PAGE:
, 18 tweets, 5 min read Read on Twitter
When I lived in the DC Metro and served as Senior Counsel for the @ACLJ, I attended many #SCOTUS arguments. @realDonaldTrump's recent action limiting funding for family planning services ...
requiring grantee organizations to segregate their abortion referral and abortion services from their Title X funded family planning services reminded me of one of my favorite moments in a #SCOTUS oral argument.
I have seen some of the leading religious liberties attorneys argue at the Court, including #DougLaycock and #MichaelMcConnell. I have also sat in on arguments in key cases on abortion, on free speech, and on federal election law.
During this period, I've watched Chief Justices Rehnquist and Roberts, & Justices Brennan, White, Marshall, Blackmun, Stevens, Scalia, Kennedy, Thomas, Souter, O'Connor, Breyer, Ginsburg, Sotomayor, and Kagan. Some -- Justice Thomas famously -- nearly never spoke in an argument.
Others were garrulous ... Scalia and Ginsburg certainly come to mind. Some -- seemed intent on portraying a solonic self -- Breyer always presented a Brahman profile and used his hands much like a Lionel Barrymore portrayal of Julius Caesar.
Some, as the sad case of Justice Marshall presented, were on the bench much longer than their minds could justify;
I've told the story before of his awaking mid-argument in a case on the question of whether the Port Authority of New York and New Jersey was clothed with constitutional immunity from suit. He roused from his slumber to demand an answer from counsel for the Port Authority:
"I remember decades ago when they put those toll booths on the bridge, they promised the booths would come down when the bridge was paid for ... well, has the bridge been paid for?"
The question might have been a good question ... it was, however, unrelated to the issue of constitutional immunity. It wasn't long after that he retired from the Court.
So, as I said, the return of closer regulation of TItle X grantees reminded me of a favorite moment in a #SCOTUS oral argument. That argument was the first one I ever watched as a member of the bar of the Court; I was, in fact, admitted on motion on the morning of that argument.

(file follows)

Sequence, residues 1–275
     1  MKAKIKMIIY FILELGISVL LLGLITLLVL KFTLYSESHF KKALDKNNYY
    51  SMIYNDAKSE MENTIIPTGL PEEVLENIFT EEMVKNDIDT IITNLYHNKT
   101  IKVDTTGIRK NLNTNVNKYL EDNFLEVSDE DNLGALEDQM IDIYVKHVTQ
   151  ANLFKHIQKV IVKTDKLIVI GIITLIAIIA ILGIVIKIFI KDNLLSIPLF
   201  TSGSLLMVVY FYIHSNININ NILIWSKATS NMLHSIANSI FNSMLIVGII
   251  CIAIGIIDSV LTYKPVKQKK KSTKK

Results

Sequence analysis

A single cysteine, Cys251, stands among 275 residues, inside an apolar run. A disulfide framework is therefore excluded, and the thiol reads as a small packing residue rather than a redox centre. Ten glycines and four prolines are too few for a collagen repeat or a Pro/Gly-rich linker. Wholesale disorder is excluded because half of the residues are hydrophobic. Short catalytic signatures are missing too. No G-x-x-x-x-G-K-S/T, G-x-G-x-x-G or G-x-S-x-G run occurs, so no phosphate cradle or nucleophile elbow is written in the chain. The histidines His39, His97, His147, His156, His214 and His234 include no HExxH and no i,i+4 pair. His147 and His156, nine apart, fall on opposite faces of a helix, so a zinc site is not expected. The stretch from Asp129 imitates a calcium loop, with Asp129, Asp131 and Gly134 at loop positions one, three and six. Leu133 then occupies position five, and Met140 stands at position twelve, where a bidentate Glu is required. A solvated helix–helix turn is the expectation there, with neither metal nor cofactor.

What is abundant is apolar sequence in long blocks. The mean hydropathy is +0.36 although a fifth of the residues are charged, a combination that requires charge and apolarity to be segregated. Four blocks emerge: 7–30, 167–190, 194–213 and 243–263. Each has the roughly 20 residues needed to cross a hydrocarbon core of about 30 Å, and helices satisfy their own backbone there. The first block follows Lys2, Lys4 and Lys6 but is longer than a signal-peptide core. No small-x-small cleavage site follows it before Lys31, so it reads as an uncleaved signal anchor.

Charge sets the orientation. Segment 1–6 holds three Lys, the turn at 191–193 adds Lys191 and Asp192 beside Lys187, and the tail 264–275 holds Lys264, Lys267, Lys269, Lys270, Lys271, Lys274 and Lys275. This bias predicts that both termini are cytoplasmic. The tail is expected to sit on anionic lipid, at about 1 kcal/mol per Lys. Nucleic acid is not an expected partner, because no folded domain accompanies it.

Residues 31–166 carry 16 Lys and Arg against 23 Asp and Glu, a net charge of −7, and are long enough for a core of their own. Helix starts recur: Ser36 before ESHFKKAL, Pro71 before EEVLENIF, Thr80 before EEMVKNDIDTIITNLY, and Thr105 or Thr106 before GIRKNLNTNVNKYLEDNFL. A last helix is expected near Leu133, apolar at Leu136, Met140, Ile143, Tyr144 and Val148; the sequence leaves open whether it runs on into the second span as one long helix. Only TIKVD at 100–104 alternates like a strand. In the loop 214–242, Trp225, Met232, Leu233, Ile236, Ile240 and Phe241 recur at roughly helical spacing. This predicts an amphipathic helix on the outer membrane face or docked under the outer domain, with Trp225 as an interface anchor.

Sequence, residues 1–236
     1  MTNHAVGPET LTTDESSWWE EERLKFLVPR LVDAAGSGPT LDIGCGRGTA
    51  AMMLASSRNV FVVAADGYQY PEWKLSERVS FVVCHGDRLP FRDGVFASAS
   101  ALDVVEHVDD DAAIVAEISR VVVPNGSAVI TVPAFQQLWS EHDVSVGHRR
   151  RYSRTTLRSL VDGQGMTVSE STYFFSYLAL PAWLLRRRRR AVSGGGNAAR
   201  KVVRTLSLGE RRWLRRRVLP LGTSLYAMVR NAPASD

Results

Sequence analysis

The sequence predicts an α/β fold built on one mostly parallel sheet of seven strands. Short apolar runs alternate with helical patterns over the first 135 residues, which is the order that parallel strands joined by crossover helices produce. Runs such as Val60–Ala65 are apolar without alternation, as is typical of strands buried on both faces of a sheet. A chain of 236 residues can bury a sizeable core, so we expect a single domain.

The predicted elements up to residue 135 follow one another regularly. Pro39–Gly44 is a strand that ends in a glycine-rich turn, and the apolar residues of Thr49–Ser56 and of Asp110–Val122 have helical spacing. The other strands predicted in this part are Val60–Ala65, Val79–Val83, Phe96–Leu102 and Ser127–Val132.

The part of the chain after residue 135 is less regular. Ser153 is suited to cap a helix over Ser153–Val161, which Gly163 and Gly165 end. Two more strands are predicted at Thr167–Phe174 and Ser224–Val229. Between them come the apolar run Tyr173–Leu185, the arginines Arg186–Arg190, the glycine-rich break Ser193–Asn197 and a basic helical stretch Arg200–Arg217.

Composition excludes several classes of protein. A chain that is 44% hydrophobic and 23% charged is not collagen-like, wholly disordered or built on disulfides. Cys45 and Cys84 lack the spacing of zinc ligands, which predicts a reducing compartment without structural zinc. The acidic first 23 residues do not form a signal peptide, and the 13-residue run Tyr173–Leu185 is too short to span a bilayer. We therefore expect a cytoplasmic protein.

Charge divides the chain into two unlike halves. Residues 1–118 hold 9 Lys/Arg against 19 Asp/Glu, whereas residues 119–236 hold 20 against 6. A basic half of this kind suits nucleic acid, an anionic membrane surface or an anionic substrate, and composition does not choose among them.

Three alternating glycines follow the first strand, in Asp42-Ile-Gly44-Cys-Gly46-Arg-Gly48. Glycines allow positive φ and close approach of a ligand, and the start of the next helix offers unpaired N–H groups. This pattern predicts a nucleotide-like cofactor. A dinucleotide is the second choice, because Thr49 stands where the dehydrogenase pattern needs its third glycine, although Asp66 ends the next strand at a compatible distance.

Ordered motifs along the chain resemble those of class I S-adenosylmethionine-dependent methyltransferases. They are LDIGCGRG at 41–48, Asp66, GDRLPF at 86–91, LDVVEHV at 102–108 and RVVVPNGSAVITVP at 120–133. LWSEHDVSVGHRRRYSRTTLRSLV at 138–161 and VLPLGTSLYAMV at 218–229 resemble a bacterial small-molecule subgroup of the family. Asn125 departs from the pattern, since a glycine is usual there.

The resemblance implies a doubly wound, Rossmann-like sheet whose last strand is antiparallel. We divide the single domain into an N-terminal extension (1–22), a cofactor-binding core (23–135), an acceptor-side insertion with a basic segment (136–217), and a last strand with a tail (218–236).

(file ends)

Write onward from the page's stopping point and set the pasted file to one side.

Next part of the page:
The case was Rust v. Sullivan. And counsel for family planning agencies challenging the so-called "gag rule" was famed constitutional scholar @tribelaw, Laurence Tribe.
As counsel for the Petitioner, Tribe had the right to open the argument, and to reserve some of his allotted 30 minutes for rebuttal following the Respondent's argument.

The podium from which attorneys argue is equipped with a system of lights to help counsel keep track of time.
Some attorneys -- Ted Olson, former Solicitor General under George W. Bush -- took great pains to manage their argument time. General Olson famously wore two wristwatches during oral argument as part of his time management.
Tribe, who had once argued that he was entitled to a bonus award of attorneys fees because of his "membership" in the rarified Supreme Court practice bar, lost track of time.
With the RED LIGHT illuminated ... indicating his entire allotted time for argument had expired, he stated, with some exasperation:

"I had meant to save some time for rebuttal."
Chief Justice Rehnquist brooked no foolishness from arguing counsel. Tribe's plaintive expression of regret elicited no sympathy from the Chief, and certainly didn't buy him a moment of additional time for rebuttal. All he got was Rehnquist's gruff: "Well, you didn't."
I know it was petty of me to enjoy that moment, but there you have it, me being petty when Tribe, famed constitutional professor was making what turned out to be a failed argument against the constitutional power of the government to attach strings to its funding programs.
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